6 MIN. DE LECTURA
By Kanika Sikka and Lisa Lambert
Feb 11 (Reuters) - Puerto Rico said on Tuesday it plans to issue general obligation bonds to refinance debt and ease its liquidity crunch, but the island did not offer details as to the timing or how much debt it plans to sell.
The U.S. territory, which has $70 billion in tax-free debt outstanding, is mired in a multi-year recession. It has been downgraded to junk status by all three major U.S. credit rating agencies in the last week and is struggling to avoid default.
"We have completed significant measures in the past month to improve our fiscal health and are ready to access the market with a new issuance of GO bonds," David Chafey, chairman of Government Development Bank for Puerto Rico, said in a statement.
The statement did not specify when Puerto Rico would sell bonds or how much it planned on selling. Barclays, RBC Capital Markets and Morgan Stanley have been named as lead underwriters. The issue would be the first time since August the territory has tapped the municipal market.
A source familiar with the deal said Puerto Rico needs to raise about $2.3 billion, which would allow it to refinance some variable-rate bonds, a $290 million outstanding GO bond, and more than $1 billion in debt service restructuring, as well as borrow $100 million in new money. Hedge funds are expected to show the biggest interest in the deal.
Puerto Rico Governor Alejandro Garcia Padilla said on Monday that he had asked the legislature for approval to borrow up to $3.5 billion in general obligation bonds.
A spokesperson for the territory said specifics of the sale would be announced during its quarterly webcast, which was rescheduled to Feb. 18 from this Wednesday - an indication that the sale will take place toward the end of the month.
A member of the Barclays public finance department was not available for comment.
In January the Government Development Bank of Puerto Rico said it was planning to return to the bond market that month or February, with a deal officials estimated would range from $500 million to $1.2 billion.
The island's legislature has also authorized more borrowing through the Sales Tax Financing Authority, known by its Spanish acronym, Cofina.
"Should Puerto Rico decide to issue general obligation bonds, we believe they will have to pay a substantial yield premium," said Morningstar, Inc. in a special municipal research note on Tuesday. "Full details about how Puerto Rico will structure its planned issuance are not yet available, but we expect it to involve some combination of GO, third-lien COFINA, and private placements."
In recent weeks, financial markets have grown increasingly worried about the fate of the territory, specifically that downgrades could push it toward default.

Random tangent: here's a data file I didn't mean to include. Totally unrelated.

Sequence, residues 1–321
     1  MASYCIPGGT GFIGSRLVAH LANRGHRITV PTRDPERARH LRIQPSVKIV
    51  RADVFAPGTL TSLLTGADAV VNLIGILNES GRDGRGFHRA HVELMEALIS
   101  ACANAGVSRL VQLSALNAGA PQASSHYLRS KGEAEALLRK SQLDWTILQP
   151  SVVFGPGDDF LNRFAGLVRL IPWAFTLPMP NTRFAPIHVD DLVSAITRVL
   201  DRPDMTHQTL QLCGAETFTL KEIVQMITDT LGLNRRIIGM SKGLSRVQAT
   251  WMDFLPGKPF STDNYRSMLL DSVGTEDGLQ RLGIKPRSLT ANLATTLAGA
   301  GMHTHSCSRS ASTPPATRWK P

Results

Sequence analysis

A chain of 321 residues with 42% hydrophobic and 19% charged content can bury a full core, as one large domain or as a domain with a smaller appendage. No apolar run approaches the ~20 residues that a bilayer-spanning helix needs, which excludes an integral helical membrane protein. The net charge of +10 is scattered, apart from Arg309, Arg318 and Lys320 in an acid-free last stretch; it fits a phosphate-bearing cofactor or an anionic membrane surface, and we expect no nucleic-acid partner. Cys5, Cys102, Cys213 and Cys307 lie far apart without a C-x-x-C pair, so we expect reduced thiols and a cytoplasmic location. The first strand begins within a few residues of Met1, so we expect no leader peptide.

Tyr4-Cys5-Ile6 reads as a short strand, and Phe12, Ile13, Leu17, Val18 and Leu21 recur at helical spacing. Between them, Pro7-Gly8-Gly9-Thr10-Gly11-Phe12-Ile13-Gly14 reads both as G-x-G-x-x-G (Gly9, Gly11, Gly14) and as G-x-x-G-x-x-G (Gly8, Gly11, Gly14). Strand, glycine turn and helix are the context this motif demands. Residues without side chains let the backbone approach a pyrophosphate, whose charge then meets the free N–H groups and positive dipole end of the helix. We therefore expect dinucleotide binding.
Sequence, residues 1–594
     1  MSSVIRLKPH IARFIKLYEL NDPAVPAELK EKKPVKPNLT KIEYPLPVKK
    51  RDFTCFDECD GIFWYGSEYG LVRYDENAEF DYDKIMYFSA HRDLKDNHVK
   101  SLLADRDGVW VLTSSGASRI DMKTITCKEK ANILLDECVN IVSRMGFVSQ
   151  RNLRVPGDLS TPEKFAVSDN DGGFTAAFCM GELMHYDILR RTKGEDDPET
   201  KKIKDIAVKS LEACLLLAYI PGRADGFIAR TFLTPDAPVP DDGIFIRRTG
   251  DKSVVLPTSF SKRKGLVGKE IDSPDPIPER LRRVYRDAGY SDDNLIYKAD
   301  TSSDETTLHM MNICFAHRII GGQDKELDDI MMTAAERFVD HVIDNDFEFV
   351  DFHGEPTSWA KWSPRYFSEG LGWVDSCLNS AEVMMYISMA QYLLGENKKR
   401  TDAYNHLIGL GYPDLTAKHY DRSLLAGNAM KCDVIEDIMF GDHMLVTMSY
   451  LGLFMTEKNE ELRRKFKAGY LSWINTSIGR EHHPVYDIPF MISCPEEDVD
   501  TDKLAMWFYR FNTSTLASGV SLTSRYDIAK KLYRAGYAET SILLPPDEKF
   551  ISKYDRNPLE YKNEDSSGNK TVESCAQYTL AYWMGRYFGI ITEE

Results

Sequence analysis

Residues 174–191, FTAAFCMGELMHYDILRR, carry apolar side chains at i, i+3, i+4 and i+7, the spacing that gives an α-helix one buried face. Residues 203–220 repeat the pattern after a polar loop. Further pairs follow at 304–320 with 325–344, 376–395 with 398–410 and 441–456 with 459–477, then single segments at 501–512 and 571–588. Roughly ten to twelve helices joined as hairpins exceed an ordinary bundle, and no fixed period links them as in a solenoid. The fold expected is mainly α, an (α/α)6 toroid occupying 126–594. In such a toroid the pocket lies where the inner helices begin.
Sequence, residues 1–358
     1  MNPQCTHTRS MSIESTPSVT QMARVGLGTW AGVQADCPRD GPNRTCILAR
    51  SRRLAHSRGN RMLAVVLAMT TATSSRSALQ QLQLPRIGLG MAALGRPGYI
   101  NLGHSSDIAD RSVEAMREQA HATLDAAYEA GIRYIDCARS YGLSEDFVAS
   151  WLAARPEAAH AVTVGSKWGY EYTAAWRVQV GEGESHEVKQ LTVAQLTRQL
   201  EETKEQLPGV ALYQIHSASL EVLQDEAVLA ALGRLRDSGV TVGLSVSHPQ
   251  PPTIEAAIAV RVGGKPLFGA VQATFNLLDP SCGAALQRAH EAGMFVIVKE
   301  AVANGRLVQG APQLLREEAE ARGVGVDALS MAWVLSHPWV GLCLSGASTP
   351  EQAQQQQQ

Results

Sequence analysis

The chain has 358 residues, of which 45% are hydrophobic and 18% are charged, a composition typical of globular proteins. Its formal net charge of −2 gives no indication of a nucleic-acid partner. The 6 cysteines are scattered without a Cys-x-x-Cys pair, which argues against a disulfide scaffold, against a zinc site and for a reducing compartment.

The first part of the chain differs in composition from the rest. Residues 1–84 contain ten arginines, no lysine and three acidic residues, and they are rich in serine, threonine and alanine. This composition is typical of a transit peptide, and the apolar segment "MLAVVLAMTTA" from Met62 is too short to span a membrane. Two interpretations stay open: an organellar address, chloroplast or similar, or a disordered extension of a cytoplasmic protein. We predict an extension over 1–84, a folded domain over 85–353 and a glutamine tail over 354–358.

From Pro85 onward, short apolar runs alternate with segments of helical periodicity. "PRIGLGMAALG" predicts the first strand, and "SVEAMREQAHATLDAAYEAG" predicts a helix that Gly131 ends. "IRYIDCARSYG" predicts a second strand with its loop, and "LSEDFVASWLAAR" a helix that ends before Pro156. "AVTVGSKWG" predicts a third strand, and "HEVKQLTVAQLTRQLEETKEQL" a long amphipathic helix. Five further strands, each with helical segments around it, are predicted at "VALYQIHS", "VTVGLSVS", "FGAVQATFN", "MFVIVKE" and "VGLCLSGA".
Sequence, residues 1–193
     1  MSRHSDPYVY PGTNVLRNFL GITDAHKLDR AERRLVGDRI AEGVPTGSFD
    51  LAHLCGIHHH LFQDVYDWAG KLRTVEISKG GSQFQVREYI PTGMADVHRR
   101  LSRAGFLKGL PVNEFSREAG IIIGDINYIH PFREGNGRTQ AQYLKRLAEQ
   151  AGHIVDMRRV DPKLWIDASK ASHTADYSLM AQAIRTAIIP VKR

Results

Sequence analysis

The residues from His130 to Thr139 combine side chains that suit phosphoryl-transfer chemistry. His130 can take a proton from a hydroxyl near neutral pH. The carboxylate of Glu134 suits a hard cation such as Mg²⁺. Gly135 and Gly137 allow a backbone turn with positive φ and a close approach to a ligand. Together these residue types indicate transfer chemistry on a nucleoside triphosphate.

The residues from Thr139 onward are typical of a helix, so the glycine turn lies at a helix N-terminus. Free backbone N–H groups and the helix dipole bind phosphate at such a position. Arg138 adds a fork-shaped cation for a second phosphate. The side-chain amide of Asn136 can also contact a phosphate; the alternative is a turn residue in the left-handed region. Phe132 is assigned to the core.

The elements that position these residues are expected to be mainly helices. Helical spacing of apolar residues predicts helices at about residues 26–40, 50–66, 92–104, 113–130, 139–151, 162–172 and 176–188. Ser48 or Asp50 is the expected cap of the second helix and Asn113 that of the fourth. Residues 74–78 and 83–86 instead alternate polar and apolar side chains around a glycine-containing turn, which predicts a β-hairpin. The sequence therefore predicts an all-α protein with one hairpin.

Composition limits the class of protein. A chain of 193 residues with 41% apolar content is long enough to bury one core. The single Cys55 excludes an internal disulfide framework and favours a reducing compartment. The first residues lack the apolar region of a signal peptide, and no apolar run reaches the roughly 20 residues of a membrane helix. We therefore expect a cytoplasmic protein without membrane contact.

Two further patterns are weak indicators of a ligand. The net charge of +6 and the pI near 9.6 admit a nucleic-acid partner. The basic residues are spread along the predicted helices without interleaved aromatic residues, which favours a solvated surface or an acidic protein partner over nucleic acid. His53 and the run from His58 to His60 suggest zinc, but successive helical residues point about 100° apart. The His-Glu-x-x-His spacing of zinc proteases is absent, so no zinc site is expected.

Fitch Ratings became the final major rating agency to downgrade Puerto Rico's credit rating, cutting it to "BB" with a negative outlook on Tuesday, citing the island's large debt levels and pension liabilities. It also cut Puerto Rico's employees retirement system to "BB" from "BBB".
Standard & Poor's slashed Puerto Rico's rating last week and said the territory could see a further downgrade if it did not raise additional funding by the end of this month. Moody's Investors Service lowered the commonwealth's credit rating to junk status two days after S&P and also cut the rating of the Puerto Rico Electric Power Authority on Monday.
The rating changes could force Puerto Rico to pay more than $1 billion on interest rate swaps, collateral, variable-rate bonds and debt acceleration.
The $3.7 trillion municipal market has long priced in the credit risk of Puerto Rico bonds, but the downgrades helped push up yields on the debt in secondary trading over the last week.
As of Monday, 10-year Puerto Rico GO bonds yielded 10.27 percent on Municipal Market Data's benchmark scale. That was 34 basis points higher than the previous Monday. A year ago, Puerto Rico bonds yielded 4.88 percent, according to MMD, a unit of Thomson Reuters.
Yields frequently topped 20 percent in small trades on Tuesday, with a buildings authority revenue bond that matures this year trading at 25.771 percent in the morning, according to Municipal Securities Rulemaking Board data.
Some large U.S. mutual funds that accumulated large holdings of Puerto Rico debt because of its rich yields and special tax treatment have recently sold off the bonds.
In recent months, the Puerto Rico government has taken steps to put its finances and economy in order, with mixed results. In December, an index tracking its economic activity fell 1 percent, snapping a three-month run of monthly increases. . In January, the commonwealth took in revenue of $664 million, $1 million less than in January 2013, though sales tax collection hit a record high.
The island paid off a $400 million loan to Barclays last year, but still has a second $400 million bond anticipation notes issue with RBC Capital Markets taken out in August.
The Puerto Rico power authority brought a $673.15 million deal to market in August, which was underwritten by Morgan Stanley and had top yields of 7.12 percent for debt maturing in 2043 with a 7 percent coupon.